Secondary English Writing – 2 Critical Reasons Why It Does Not Gain Attention

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If no one paid attention to your Secondary English writing, it could be one of these 2 reasons.

• You put your points across but it just wasn’t what they wanted to hear

• You did not anticipate what they wanted.

Both the reasons are slightly linked but they are the most common reasons whySecondary English pupils do not cross the grade hurdle and why business people miss that window of opportunity.

secondary english

Reason #1 – Answering the question wrongly

It wasn’t what they wanted. The question requirements were not understood by you.

Answering the question wrongly because you misread the question is one of the most common errors inSecondary English exams. 

When you misread the question, it means that your answer is hanging by a thread. What Is Hanging By a Thread? Really? Do you have to ask?

It means that you are at the borderline or that you are on the verge of failing.  

ManySecondary English students hang by a thread when they misread a question.

Why do students misread a question?

They could be rushing to write the answer and did not pay enough attention to the question. 

They may have missed out on something.

How do students misread a question?

They forget that there are hidden meanings in words and phrases. Understanding them properly is essential to passing well.

A very common way of misreading is to skim through theSecondary English question. When the question looks familiar, students do not stop to see if it is different from the one they had prepared for.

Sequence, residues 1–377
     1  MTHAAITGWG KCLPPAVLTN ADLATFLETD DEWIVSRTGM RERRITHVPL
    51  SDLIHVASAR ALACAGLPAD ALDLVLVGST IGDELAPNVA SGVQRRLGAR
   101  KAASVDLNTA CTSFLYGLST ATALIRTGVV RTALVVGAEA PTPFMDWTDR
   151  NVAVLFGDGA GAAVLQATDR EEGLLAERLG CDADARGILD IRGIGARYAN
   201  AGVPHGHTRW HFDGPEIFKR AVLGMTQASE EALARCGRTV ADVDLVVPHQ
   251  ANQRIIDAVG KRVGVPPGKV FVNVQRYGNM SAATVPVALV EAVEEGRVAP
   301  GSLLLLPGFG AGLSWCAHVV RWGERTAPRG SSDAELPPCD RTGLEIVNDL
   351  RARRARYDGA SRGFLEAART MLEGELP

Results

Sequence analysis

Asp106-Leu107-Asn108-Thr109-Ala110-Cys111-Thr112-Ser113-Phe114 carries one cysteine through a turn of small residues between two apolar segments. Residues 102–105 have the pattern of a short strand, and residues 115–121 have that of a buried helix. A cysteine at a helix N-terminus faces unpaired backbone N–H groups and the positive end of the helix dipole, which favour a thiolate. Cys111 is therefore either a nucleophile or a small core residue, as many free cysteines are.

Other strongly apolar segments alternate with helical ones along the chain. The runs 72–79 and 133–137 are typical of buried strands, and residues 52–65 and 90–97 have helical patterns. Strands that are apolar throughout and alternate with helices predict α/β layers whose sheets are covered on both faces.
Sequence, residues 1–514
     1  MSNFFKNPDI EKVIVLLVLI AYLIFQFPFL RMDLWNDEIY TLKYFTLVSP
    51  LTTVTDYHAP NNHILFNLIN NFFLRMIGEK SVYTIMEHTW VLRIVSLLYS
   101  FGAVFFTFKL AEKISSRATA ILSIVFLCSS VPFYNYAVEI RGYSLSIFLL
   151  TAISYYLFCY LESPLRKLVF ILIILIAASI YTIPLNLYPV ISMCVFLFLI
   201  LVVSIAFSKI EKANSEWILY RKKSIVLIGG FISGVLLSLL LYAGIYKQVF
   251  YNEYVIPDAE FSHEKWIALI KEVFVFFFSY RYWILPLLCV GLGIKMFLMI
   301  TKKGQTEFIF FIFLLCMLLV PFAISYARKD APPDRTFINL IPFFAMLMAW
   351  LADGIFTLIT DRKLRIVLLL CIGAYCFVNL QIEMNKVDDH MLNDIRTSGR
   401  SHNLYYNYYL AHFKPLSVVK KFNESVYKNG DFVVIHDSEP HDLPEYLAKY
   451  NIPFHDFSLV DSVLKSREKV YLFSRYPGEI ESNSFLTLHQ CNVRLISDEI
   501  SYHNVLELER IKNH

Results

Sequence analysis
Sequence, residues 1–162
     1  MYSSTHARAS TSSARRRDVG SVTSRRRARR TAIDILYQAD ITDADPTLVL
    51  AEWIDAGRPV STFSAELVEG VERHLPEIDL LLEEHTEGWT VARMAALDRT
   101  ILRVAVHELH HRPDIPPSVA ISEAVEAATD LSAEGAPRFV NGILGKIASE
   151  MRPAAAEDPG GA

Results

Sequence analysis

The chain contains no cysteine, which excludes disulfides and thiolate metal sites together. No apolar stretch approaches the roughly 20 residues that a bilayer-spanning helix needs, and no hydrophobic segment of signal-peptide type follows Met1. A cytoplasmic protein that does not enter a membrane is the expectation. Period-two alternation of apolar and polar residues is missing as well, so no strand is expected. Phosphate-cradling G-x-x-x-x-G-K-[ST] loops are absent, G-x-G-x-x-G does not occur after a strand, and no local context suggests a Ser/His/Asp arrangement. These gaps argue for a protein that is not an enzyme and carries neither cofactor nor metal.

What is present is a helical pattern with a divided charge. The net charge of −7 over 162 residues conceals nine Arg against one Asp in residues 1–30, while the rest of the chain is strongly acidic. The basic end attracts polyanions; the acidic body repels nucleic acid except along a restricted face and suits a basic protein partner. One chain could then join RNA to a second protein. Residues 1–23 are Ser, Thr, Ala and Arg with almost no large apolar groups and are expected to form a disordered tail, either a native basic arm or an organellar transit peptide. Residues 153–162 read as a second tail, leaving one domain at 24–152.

Chances are, it probably is different as examiners love to change the questions but keep the basic syntax.

EVEN if the question sounds familiar, the way it is phrased may be rather different. For instance, it may be an expository question and you may have written a counter rebuttal and rebuttal thinking that it is an argumentative question.

OR, it could be asking about the experiences in your neighbourhood but you wrote about AN experience without paying heed to the plural word ‘experiences.’

This is by far the most common mistake inSecondary English paper. This mistake could have been easily avoided if you had only taken the time to read the question carefully.

DO not get carried away and give in to your excitement. Remember, you can never take back what you have written.

Reason #2 – You did not anticipate what they wanted

This may not allude to exam questions but it could be about writing a report, email, speech, or story which has to be according to what they desire.

When you write a business email for a job application or internship, you need to be wise, concise, and proficient.

Always ANTICIPATE what the audience or reader wants.

Did they want your email to be informative and cheerful with just the right touch of humour? 

Of course, if you are supposed to be writing to your old friend, it should be like that. But the instructions did not mention that.

Of course not. But you are supposed to infer that when the question says that you should write with a suitable tone.

The tone is always inferential. You will Not be told about the sort of tone. The instructions may say write according to the context but the question will never say that you should sound humorous or friendly.

This part rests on you.

Anticipating theSecondary English examiner or the listener’s expectations takes a bit of time and effort. Try, try, try to understand what the question is Aiming at.

Does it require you to write in an informal way? Then match your answer accordingly.

Tune your mind to the question and let the words flow. The answer should be seamless and look effortless. 

The way you write the email should seem as if you are writing to a ‘real’ person. That is the standard you should aim for.

If you can get this part done, the rest is easy.

Remember to clock in both these reasons when you read a question or write an email or make a speech. 

Look out for the hidden meanings and anticipate. 

This will get you on the smooth path of success always. 

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